Lia Mendez: "What are really amazing products to be a part of, and it's not just a product, right? You're helping make music."

Patrick Hanson: "Yeah, exactly. We're helping enhance people's lives.".

Lia Mendez: "Do your kids think that what you do for a living is pretty cool?".

Patrick Hanson: "They love it. They love it. They love it. I've been here for about 20 years. There's nothing I'd rather be doing."

Lia Mendez: "Are you a musical family?"

Patrick Hanson: "We are. We are. So, my oldest plays the piano. They tinker around on guitars all the time. We've got drum sets. We're always making noise."

Lia Mendez: "Awesome. Very cool."

Lia Mendez: After thanking Patrick for the tour, I met with the big boss, James Curleigh, or JC, the CEO of the entire Gibson company, which is headquartered in Nashville.

James Curleigh: "You know, I just get so excited when I when I come here and I see our craftsmen and craftswomen making the guitars. But then tonight, I'll be watching the Country Music Awards from Nashville, and most of them will choose to play a Gibson acoustic guitar. And I get to say, well, I was here watching them being made and all of a sudden being played. It's amazing."

Lia Mendez:  J.C. also told me about a program he's helped develop at Gibson, which mentors young musicians and helps supply them with the resources they need to pursue their dreams.

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Lia Mendez
/
MTPR
Employees of the Gibson Acoustic Craftory pose with CEO James Curleigh for the ribbon cutting celebrating their newly expanded facility in Bozeman.

James Curleigh: "A few years ago, we started what we call the Gibson Generation Group, the G3, we call them. And it's, you know, it's kids anywhere from eight to probably about 14 years old who truly aspire to make music a part of their lives. In the old statement of "it takes a village," we want to be part of the village that can take that kid's dream and and try to put them on a path to make it come true."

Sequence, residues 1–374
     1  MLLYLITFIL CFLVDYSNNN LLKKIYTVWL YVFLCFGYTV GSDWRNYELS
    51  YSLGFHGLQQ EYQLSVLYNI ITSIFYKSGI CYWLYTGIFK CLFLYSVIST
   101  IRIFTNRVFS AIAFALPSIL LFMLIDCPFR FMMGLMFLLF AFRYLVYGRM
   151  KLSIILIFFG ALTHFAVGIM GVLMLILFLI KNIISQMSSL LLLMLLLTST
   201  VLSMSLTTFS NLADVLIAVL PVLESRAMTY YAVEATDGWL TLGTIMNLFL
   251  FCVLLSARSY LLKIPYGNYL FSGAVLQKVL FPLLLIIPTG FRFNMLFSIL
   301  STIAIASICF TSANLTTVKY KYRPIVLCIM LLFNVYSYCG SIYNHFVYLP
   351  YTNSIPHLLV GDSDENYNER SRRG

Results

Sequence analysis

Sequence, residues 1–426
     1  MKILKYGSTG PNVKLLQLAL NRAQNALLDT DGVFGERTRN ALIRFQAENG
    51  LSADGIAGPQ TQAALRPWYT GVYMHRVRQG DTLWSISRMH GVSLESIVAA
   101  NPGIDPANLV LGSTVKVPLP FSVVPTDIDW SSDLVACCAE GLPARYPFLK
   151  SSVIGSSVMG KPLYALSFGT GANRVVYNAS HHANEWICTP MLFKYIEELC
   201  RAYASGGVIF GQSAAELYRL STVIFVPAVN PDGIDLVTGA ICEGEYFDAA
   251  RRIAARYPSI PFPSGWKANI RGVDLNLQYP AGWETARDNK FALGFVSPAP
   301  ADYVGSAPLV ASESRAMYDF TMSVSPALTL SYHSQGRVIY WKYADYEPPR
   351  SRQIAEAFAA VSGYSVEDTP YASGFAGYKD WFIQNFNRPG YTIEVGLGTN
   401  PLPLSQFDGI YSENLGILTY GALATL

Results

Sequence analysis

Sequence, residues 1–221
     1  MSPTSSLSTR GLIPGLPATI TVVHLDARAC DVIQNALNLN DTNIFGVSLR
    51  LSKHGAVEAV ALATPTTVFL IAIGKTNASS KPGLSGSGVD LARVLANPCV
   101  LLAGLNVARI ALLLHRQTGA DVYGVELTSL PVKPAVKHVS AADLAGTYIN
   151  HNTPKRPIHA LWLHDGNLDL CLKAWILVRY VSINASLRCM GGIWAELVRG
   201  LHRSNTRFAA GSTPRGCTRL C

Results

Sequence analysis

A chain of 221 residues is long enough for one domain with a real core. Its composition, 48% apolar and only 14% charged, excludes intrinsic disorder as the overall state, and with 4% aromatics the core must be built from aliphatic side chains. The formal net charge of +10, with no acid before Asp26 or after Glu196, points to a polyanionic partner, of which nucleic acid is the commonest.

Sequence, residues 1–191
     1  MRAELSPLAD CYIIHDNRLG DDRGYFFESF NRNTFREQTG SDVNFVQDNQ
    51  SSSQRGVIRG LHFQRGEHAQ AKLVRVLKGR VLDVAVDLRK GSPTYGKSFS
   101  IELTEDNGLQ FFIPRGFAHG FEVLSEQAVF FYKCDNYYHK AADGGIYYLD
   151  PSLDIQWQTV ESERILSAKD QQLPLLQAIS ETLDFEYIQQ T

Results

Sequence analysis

Lia Mendez: To learn more about Gibson Generation Group, or G3, you can visit the website at G3.Gibson.com. There you'll find photos and bios of current G3 artists in the program and information on how you can apply to become one yourself.

J.C. credits his parents and a musical upbringing with teaching him the value of music at a young age and showing him the power it has to bring people together.

James Curleigh: "For starters, my dad was a Navy helicopter pilot. My mom was a free spirit from Nova Scotia, Canada. But their common bond, you'd say, 'well, how did that come together?' and it was music. And they loved festivals. My dad was a banjo player, my mom guitar player. Inevitably, when there's instruments around and as the evening would come, you know, come around after dinner and if friends were over, someone would pick something up and someone knew something we'd start playing. And so just growing up in that environment was amazing. And we have this family playlist that we all now know from my mother, who's now 85 years old, still plays her guitar right down to the youngest of the grandkids. And we we still play together."

Lia Mendez: And while running a guitar company can present a lot of challenges and opportunities, J.C. says he never forgets with the job is really all about.

James Curleigh: "As I said, when you when you watch someone actually pick up one of our guitars and play, whether they're famous or not famous, the smile and the sound and the tone, you say, yeah, it's all worth it."

Lia Mendez: This has been Lia for MTPR kids. Thank you for coming along with me on this field trip today to the Gibson Acoustic Craftery in Bozeman. I can't wait to see where we travel to next. If you've got ideas for places or people around Montana that you would like to see featured on our program, write to us at peagreenboat@mtpr.org. Until next time, friends, be well and take care.